MOVIE REVIEW: 'Tolkien' is 'incomplete' but still required viewing for those who love his books

Photo courtesy of Fox Searchlight Pictures

From left are Nicholas Hoult, who plays the lead character, and Lily Collins, who plays Edith, in "Tolkien."


Two out of four stars

Without J.R.R. Tolkien, played in this film by Nicholas Hoult, there would be no “Harry Potter” or “Game of Thrones” and quite possibly the entire Marvel Cinematic Universe. Bridging the gap between Jules Verne, Jonathan Swift and Mary Shelley to the late 20th century boom of fantasy adventure fiction, Tolkien wrote only a handful of novels, but they are among the most important and influential of their kind.

The latest effort from obscure Cyprus-born Finnish director Dome Karukoski (“Tom of Finland”), “Tolkien” (pronounced toll-KEEN) is a frustratingly incomplete biographical drama which nonetheless should be required viewing for those already familiar with the author’s written works. Those who only know of the Tolkien brand because of the two blockbuster movie trilogies from the early 2000s and 2010s will likely be quite disappointed by the relative lack of action and/or fantasy found in Karukoski’s film.

Working with a screenplay by David Gleeson (“Cowboys and Angels”) and Stephen Beresford (“Pride”), Karukoski gets 2/3 of this right. Because of the death of his father and his mother’s inability to support he and his brother, Tolkien was sent to live with his maternal grandparents, who were close with Francis Morgan (Colm Meaney), a Catholic priest who lived in Birmingham. This led to Tolkien attending an exclusive prep school, where he impressed the hard-to-please English professor Joseph Wright (Derek Jacobi) and three spoiled but relatively hip classmates.

It is at this same time Tolkien meets Edith (Lily Collins, daughter of Phil Collins), a comely and erudite young lady who steals his heart (and he hers), and this is where the film hits its relative zenith. Tolkien and Edith share great banter; she challenges him and he retorts with great quips, and all is right within their world.

The same type of situation ensues with Tolkien’s mates, who form a quasi “Dead Poets Society” alliance which lays the groundwork for “The Lord of the Rings.” They start on the outs yet are able to find common ground, and it’s all well and good — but from a dramatic perspective, it falls short.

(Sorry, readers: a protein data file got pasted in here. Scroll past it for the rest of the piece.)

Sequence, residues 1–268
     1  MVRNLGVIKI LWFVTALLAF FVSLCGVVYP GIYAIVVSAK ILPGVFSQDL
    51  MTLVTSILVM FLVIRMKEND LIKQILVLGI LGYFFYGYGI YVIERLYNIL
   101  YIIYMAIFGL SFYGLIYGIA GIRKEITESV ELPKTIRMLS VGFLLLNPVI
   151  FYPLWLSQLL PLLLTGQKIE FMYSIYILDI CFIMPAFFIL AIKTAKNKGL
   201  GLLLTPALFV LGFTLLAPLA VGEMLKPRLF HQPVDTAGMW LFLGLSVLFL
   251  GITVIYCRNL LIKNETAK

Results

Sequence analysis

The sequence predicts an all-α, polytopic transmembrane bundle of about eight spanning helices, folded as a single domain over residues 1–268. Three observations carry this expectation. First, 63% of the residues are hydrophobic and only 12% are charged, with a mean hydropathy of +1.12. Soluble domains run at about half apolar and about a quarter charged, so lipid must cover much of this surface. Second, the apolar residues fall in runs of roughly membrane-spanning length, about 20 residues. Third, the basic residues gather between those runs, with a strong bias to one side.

The filmmakers make their biggest mistake with the rest of the film when presenting Tolkien as a soldier in World War I. Broken up into fractured flashbacks, the scenes recall “All Quiet on the Western Front,” “Paths of Glory” and 2017’s criminally overlooked “Journey’s End.” Those 30 or so minutes are dedicated to the “war is hell” battle scenes and offer little to nothing to the overall narrative.

Tolkien wanders about in dazed befuddlement while watching his countrymen and the enemy fall around him yet never reflects on the experience in any discernible way. It wouldn’t be going out on a limb to suggest Tolkien’s time in the army made its way to the pages of his Middle Earth world, and had the filmmakers made some sort of visual or emotional connection between the real and the imaginary, the film would have the desired bite it so desperately needs.

Getting his start as the title character minor in “About a Boy” from 2002, Hoult made the rare successful transition from child to adult roles and is best known to most audiences for his role in “Mad Max: Fury Road” and as the Hank McCoy/Beast character from the “X-Men” movies. Along the way, he appeared in age appropriate roles in a string of higher-brow/prestige films such as “A Single Man,” “Warm Bodies” and as the scene-stealing dandy in last year’s pitch-black comedy “The Favourite.”

There’s nothing particularly off with Hoult’s performance here, but there’s nothing truly memorable about it either. Playing a creative non-fictional character is an unenviable task, and the success or failure of it is less dependent on acting acumen and more on writing and direction. Since “Tolkien” is built on a shaky creative foundation, all that follows is equally iffy and unspectacular.

A far better film about the private life of a famous writer shows up later this month in the form of “All is True.” In this revealing and haunting production, director Kenneth Branagh stars as William Shakespeare in the twilight of his years trying to cope with retirement while bonding with a family he barely knows. It’s one of the finest efforts of 2019 thus far.

(Fox Searchlight)

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